Bullying is topical right now, and Chris Trotter has entered the debate with this rather strange opinion piece. In it, he responds to a comment by Children's Commissioner Dr Cindy Kiro, who has been outspoken against bullying. Trotter laughs at Kiro's statement that school should prepare children for the world beyond - pointing out, quite rightly, that bullying is commonplace in adult life.
He's right. But what's strange about Trotter's piece is that he argues at length that bullying is a natural, genetically influenced behaviour. Trotter's not trying to condone bullying - but he's putting up a seriously odd argument for someone of the left. Does he believe that colonisers oppress indigenous people because of their genes? That bosses mistreat workers for some biological reason? That nature leads men to inflict domestic or sexual violence on women?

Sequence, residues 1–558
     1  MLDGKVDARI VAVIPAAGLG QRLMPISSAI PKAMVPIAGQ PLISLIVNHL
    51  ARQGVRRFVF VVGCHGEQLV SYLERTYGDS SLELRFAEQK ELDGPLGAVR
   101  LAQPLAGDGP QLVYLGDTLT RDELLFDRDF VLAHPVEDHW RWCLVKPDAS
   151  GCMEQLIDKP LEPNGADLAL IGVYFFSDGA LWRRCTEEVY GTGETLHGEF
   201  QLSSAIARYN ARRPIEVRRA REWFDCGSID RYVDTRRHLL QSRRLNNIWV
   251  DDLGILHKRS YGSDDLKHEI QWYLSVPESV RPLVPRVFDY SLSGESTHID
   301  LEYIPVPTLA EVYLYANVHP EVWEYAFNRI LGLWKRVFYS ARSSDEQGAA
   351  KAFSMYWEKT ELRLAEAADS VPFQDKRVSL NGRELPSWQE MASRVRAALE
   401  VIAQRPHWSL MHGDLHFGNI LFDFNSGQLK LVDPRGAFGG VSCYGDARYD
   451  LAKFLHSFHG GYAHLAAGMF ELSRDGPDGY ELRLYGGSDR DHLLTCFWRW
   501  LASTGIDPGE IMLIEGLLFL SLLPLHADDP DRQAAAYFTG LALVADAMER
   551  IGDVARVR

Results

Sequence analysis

Of course not, Trotter would say - but this is an argument you can't have both ways. If you believe that nature inclines the 'strong' to dominate the 'weak', you're offering a mitigating factor for those who oppress or abuse. This isn't an abstract point. It's commonplace to hear excuses made for violence. Tony Veitch 'lashed out' because he was tired and his ex-partner was irritating him. An 18 year old woman was raped by a group of English rugby players - but she was drinking with them in a hotel room, so what could she expect them to do?
People can and do stand up against bullying. They reject pseudo-scientific excuses for bad behaviour and they show moral courage. If Trotter wants to do the left a favour, he'll add his voice to those denouncing bullying rather than finding justifications for it.